In 1997, we set out to invest and develop “the People’s Bank”. After nine years of planning, preparation and interactions with the Bank of Ghana, First National Savings & Loans Company Limited was granted a license to open for business in May 2006.
Our company, Coconut Grove Hotels was the major shareholder, later to be joined by others. Our idea which became a passionate mission, was to go where other people wouldn’t go, to the major market centres and towns in every region of the country and offer safe banking to the ordinary person; especially with the frequent news of armed robberies on our roads at the time.
We wanted to promote the development of a Savings culture. We were particularly concerned about the unbanked. So financial inclusion was the key reason for wanting to have a national, retail scope to our business.
The unbanked percentage over the period we have been in business has reduced from more than 80% of the population to about 50%. We gave millions of loans to micro scale enterprises.
We persisted with our mission of financial inclusion which is now the mantra of all developing countries from Bangladesh to India, To South Africa, Kenya, Nigeria and others. We came up with products such as “Wo Daakye”, which made it possible to open accounts with as little as 50 pesewas and earn interest every six months.
We now see that the BOG is encouraging banks to accept low amounts for account opening from previous highs of GH₵50-100. We offered a savings account that paid 9% interest plus a life insurance cover of GH₵1,000 and this became a very popular product.
We believed in low margins and high volumes. We developed the concept of Mobile Bankers young men and women trained and equipped with Point of Sale devices to go to farms, markets, shops, schools, etc to collect deposits.
Our Mobile Money product gained popularity, which made it easier for the numerous unbanked who do not have time to go to the bank to get banking services. We developed a five year strategy to be in 300 locations with one million customers. We designed “Money Stores”, “Express” buildings and constructed them.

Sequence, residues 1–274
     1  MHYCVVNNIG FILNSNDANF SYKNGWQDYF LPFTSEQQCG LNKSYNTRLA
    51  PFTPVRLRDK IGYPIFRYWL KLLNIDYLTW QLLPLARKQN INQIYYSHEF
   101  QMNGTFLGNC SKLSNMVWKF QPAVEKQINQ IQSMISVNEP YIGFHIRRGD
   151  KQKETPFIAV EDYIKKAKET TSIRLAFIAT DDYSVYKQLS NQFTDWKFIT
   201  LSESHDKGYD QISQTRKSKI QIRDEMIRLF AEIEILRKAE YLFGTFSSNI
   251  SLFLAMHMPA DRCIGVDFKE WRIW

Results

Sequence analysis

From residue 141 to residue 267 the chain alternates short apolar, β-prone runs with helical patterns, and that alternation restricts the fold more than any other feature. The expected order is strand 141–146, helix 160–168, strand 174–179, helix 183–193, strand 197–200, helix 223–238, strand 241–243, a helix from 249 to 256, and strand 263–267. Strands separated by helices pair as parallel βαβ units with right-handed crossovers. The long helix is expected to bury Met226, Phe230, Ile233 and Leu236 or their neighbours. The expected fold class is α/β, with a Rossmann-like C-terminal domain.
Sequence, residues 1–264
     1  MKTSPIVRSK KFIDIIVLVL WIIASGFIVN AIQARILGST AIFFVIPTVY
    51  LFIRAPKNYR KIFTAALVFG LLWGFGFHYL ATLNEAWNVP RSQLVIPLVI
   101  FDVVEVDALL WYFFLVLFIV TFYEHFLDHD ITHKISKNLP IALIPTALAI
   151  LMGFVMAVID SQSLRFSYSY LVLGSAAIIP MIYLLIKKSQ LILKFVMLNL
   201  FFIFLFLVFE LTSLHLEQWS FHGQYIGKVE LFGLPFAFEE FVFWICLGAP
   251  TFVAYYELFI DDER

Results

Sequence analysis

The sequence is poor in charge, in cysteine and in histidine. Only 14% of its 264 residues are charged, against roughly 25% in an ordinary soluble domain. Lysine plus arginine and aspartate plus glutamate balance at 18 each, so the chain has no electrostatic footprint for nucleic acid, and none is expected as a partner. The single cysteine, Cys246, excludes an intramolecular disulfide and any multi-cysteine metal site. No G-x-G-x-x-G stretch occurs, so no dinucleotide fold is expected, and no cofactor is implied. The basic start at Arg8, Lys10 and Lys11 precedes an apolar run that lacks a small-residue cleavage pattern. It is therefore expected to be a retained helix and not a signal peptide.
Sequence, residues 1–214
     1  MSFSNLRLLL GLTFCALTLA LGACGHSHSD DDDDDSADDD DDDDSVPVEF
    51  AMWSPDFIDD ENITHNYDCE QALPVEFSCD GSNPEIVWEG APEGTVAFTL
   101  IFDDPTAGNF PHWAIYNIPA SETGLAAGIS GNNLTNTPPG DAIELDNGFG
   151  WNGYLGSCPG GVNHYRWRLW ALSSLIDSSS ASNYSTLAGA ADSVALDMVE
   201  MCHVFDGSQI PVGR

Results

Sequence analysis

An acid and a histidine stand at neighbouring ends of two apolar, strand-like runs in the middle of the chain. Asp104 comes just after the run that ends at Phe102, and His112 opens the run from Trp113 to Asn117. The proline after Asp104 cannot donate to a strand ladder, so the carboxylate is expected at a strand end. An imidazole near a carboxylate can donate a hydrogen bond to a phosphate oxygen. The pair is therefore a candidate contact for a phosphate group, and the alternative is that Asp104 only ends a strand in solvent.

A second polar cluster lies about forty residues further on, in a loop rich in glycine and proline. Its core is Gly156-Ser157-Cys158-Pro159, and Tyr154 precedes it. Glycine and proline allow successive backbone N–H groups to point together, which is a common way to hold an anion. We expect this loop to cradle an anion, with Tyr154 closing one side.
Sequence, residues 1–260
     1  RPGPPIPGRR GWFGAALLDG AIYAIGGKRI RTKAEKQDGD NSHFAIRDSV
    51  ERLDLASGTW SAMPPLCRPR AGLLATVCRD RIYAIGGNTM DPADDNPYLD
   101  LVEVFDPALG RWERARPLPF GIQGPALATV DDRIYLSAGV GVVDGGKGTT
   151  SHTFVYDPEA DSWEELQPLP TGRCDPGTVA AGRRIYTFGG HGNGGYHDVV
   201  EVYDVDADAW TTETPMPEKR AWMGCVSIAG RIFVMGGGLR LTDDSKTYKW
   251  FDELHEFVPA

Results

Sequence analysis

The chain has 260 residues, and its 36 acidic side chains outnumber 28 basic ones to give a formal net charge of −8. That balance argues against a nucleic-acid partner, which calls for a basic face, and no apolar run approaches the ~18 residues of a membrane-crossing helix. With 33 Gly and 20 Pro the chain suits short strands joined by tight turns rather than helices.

The huge investment of funds, energy and sweat was paid for by shareholders and was completed in July 2018. At our peak, we employed over 2,000 people, mostly very young men and women and achieved unprecedented success. Not even those who have been in the banking business for decades have achieved these feats.
We exceeded the target of one million customers and were ready to boost our business and move to the next level. Then the crisis in the financial system hit in August 2018. Prior to that, we were a very, highly liquid bank with a low non-performing loan portfolio. Our customers were happy with GN Bank, the People’s Bank.
The perhaps unintended consequences of the reforms in the investment and banking system became our tsunami. On one side, Gold Coast Fund Management experienced unprecedented redemption of investments; and on the other, panic withdrawals hit us in every one of the 300 banking locations.
No one was interested in assisting to calm the fears and anxieties of customers. Rather, the question we got was, “what’s wrong with you, what have you done wrong?” Our ambition to build a national retail banking business stretching across the four corners of the nation to Djemeni, Agona Nkwanta, Kwame Danso, Twifo Praso, Wulensi, Pusiga, Nandom, etc., to support national development had become to some, too big for a Ghanaian investor to take on.
Even a $20 million facility with the Overseas Private Investment Corporation (OPIC) which we had been negotiating for 3 years to support our expansion could not be disbursed due to the crisis.
The customers we planned for years and invested millions to get close to, in their panic, became desperate and aggressively came for their deposits. No deposit-taking financial institution in this world can stand if all its customers showed up one day to collect their deposits. We became toxic in a few months. For some customers, a “friend” had become an “enemy”.
The wrong we did? Today, GN Savings with all of its challenges, has more assets than liabilities. And thousands have started making new deposits across the country!
Questions: In implementing “tough” measures and policies, must the taxpayer be made to pay to collapse a national retail deposit-taking entity; with 300 locations and more than one million customers; employing over 2,000 people, paying taxes?
Why not support it, strengthen such a significant private sector investment? Sure, there are people out there shouting “close them down!” for different reasons. We will not go into that here. Why not use the taxpayers’ money to pay the contractors, to pay the company, for the company to pay the depositors and as a result, preserve GN Savings, the jobs of employees and keep needed infrastructure projects going? Our story, for now. We shall return.
Written By: Dr Papa Kwesi Nduom